Annotation of statements/rwatson, Revision HEAD
1.1 rwatson 1: # Please enter a brief statement describing your background
2: # with the FreeBSD project, and your motivations for standing
3: # as a candidate for the core election.
1.2 rwatson 4: I first discovered FreeBSD in 1994, becoming a FreeBSD committer in 1999.
5: I joined core in 2000 as part of the first elected core team, and have been
6: involved in many technical and non-technical aspects of the FreeBSD Project
7: over the years.
1.1 rwatson 8:
1.2 rwatson 9: I created the TrustedBSD Project in 2000, leading to the addition of access
10: control lists, mandatory access control, audit, and a variety of other
11: security improvements to FreeBSD. I have also been involved in work on the
12: MPSAFE network stack and parallel network stack performance, jail, the Coda
13: file system, system monitoring and debugging tools, the release engineering
14: and security officer teams, and numerous other technical projects.
16: On the less technical side, I've been involved in organizing developer
1.3 rwatson 17: summits, mentored new FreeBSD developers, helped to organize our Google
18: Summer of Code participation, mentored several summer of code students,
1.2 rwatson 19: created our quarterly status reports program, participated in the program
20: committees for countless BSD conferences, and have advocated for FreeBSD in
21: a variety of forums through conference papers, media interviews, invited
22: talks, and by creating material to support similar advocacy by others in
23: the project. I joined the FreeBSD Foundation Board of Directors in 2003,
24: where my responsibilities have included fund-raising, project management,
25: and visiting companies the do or may want to use FreeBSD to discuss how
26: FreeBSD fits into their environment, and to encourage them to become more
27: involved in the FreeBSD community. On the core team, I've been involved in
28: technical leadership, conflict resolution, the paperwork of the project,
29: and legal work.
31: In terms of vision: one of the distinguishing properties of the FreeBSD
1.4 rwatson 32: Project has long been its effective use of tools: revision control,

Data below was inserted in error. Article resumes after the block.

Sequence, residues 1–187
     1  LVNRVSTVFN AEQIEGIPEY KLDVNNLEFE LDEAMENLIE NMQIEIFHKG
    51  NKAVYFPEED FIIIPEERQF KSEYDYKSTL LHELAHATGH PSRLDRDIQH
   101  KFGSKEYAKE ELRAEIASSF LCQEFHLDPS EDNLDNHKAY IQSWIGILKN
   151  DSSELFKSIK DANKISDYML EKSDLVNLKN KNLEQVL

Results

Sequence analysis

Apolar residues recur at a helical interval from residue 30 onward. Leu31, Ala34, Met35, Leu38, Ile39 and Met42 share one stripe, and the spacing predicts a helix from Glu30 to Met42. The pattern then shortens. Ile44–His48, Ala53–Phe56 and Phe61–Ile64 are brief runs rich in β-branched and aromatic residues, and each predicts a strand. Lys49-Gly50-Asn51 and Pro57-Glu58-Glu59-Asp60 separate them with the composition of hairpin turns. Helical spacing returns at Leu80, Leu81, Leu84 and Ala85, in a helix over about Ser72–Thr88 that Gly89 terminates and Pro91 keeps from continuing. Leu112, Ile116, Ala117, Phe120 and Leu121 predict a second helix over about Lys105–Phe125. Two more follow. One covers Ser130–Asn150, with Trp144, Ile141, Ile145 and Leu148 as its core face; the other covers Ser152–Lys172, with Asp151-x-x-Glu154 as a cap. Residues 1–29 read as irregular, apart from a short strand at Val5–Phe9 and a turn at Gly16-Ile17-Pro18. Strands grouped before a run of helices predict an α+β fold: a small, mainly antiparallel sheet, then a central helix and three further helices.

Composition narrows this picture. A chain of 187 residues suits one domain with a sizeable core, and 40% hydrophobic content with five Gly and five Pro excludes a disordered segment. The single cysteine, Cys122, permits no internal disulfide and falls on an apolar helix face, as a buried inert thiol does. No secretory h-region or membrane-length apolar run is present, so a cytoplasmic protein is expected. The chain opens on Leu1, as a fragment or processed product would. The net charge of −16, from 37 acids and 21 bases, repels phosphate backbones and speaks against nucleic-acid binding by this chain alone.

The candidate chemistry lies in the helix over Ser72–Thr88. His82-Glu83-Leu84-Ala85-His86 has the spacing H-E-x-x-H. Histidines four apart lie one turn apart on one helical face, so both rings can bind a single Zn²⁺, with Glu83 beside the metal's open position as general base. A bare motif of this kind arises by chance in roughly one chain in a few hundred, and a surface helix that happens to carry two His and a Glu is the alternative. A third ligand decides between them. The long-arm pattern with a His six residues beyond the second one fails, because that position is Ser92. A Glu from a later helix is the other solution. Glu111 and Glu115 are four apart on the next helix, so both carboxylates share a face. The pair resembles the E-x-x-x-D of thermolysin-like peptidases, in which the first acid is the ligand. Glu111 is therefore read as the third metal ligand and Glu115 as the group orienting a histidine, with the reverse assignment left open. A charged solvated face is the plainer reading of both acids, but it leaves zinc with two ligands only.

33: profiling and debugging tools, build infrastructure, etc, allowing a small
34: number of highly skilled developers to produce an excellent operating
35: system despite many fewer resources than the open and closed source
36: systems it competes against.
1.2 rwatson 37:
38: The rest of the world is moving forward, and in order to maintain our
1.4 rwatson 39: technical leadership, we need to adopt, and in some cases create, new
1.2 rwatson 40: technologies to improve our efficiency, but also to bring into reach levels
41: of quality and degrees of complexity that would otherwise be beyond the
1.4 rwatson 42: scope of an organization of our size. A key goal for me has been to
43: improve the tools we use to produce FreeBSD. This is an exciting time to
44: consider projects of this nature, as the tools available for source code
45: management, analysis, and checking are dramatically improving, and several
46: open source technologies in this area are gradually approaching maturity.
47: I think we can make a significant contribution here, both improving our own
48: work and improving what is available to the broader open source community.
1.2 rwatson 49:
50: An ideal core team blends new hands with experienced ones, bringing energy
51: and new ideas while reflecting a mature and hard-learned understanding of
52: the structure of the FreeBSD Project. I encourage developers to look for
53: some key attributes from any core team member: most importantly, excitement
54: and enthusiasm about about FreeBSD and where we can go and a clear
55: long-term commitment to the project, but also tolerance for differing
56: opinions and a willingness to be flexible and negotiate in the face of
59: Core team members will need to be patient and willing to deal with the
60: flames they *will* receive regularly from FreeBSD developers, users, and
61: other random individuals who take a dislike to FreeBSD, or to them
62: personally. Likewise, core team members should have a high tolerance for
63: talking to lawyers, CEOs, and other generally non-technical people about
1.3 rwatson 64: FreeBSD. The importance of pragmatism should not be overlooked. Finally,
65: core team members will frequently be called on to represent the FreeBSD
66: Project: they should be someone you are comfortable with representing you
67: in public forums.